A cable driven four-bar link mechanism for actuating robotic legs to improve the performance of articulated legs and increase the longevity of the mechanism

This four-bar leg mechanism uses a cable system to control the movement of the leg, which works in conjunction with a spring mechanism to allow to movements in opposite directions. Two four-bar leg mechanisms are linked together through a single cable whose movement or change in length can be used to actuate each leg independently or in conjunction.  Actuators are confined within the system and allow for both symmetrical and asymmetrical movement of the legs in unison.  Linking the two leg mechanisms also reduces the loads experienced by each component of the mechanism by distributing contact forces across the entire mechanism.

Solution Advantages
  • Reduces the weight and improves performance of the mechanism by placing all actuators inside the body
  • Structurally efficient – significant portion of loads are carried by the cable which is an efficient structure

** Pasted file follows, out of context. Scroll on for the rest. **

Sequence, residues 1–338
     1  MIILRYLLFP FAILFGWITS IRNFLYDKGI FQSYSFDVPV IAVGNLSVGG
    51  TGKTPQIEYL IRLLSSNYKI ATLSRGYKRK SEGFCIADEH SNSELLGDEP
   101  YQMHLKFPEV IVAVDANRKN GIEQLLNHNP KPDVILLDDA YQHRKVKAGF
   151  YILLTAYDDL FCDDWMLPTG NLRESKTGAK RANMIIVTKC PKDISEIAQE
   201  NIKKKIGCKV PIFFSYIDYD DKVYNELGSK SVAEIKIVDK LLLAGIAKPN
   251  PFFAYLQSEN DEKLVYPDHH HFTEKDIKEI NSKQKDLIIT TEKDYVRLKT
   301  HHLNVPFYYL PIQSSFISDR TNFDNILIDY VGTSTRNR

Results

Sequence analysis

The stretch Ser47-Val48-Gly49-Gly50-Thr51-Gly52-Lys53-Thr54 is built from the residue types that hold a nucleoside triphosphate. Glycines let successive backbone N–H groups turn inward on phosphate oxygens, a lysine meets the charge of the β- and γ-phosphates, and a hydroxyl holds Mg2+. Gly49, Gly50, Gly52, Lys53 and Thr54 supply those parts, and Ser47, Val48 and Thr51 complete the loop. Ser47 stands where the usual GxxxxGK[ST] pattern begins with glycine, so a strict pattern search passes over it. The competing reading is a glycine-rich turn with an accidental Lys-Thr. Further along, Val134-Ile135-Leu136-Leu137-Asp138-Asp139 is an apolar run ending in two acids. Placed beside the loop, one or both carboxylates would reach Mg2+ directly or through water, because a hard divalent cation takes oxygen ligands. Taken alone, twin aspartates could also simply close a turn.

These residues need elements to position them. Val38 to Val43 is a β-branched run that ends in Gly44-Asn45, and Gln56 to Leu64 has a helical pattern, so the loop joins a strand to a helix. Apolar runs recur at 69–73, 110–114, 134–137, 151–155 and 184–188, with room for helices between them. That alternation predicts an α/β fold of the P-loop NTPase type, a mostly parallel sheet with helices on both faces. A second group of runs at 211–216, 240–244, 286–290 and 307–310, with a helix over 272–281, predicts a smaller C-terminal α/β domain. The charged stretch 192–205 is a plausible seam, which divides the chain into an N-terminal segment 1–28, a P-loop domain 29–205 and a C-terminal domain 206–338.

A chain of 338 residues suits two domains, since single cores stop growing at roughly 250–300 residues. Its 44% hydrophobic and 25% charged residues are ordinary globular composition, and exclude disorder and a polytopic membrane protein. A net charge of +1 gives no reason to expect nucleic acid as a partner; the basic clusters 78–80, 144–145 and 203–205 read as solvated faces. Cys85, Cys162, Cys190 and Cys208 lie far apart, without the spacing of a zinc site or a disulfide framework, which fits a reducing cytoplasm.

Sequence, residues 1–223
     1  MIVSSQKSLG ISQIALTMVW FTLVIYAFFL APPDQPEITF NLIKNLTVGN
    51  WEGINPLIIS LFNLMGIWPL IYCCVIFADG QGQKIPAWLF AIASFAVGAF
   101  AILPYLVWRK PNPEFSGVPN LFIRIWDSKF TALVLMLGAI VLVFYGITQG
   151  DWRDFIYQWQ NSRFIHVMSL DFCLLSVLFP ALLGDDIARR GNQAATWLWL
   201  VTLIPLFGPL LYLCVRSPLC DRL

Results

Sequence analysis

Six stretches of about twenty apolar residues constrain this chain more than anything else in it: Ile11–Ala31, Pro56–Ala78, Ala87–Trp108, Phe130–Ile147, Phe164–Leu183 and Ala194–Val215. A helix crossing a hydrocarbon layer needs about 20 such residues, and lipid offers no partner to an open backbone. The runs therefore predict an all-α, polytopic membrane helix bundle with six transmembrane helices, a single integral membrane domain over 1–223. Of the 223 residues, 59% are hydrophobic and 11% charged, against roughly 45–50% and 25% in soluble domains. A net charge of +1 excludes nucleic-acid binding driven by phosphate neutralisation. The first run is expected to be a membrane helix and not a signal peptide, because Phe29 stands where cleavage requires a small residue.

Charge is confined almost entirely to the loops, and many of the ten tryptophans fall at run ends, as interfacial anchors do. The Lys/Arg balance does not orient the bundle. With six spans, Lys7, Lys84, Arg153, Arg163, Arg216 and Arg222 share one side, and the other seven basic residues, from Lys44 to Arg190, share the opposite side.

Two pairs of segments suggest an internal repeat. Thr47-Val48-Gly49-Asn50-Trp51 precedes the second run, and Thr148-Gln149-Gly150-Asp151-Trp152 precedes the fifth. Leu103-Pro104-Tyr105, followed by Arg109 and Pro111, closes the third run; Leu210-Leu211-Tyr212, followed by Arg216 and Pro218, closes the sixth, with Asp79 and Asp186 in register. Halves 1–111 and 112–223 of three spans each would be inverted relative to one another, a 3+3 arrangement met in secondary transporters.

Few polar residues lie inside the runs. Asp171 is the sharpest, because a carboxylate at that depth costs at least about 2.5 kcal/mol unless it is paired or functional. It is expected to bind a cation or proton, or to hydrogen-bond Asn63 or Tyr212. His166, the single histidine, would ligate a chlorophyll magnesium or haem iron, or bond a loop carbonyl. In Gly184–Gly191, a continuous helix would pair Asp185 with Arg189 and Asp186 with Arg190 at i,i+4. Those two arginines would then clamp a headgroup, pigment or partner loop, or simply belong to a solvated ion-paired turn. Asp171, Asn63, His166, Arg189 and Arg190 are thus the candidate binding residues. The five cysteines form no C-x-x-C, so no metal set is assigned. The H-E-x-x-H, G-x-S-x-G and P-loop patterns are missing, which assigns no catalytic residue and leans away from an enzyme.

• Actuator loads are significantly reduced through mechanism linking, increasing the longevity of the mechanism
Potential Commercial Applications

This technology has applications in any field making use of articulated arms or legs including:

  •     Robotic terrestrial
  •     Aquatic
  •     Aerial vehicles
  •     High potential for use in articulated landing gear
Background and More Information

Four-bar leg mechanisms utilize a four-bar system to create a mechanism with one independent movement to control the entire system.  These mechanisms are desirable for high force applications because the force can be distributed across the four different components but it only needs one actuator, the component responsible for controlling movement in the system.  Current systems require an actuator for each four-bar leg, which can add significant weight to a system, and are typically placed outside of the four-bar leg mechanism, adding bulk.  Thus there is a need for a four-bar leg mechanism that reduces the weight and bulk of the system.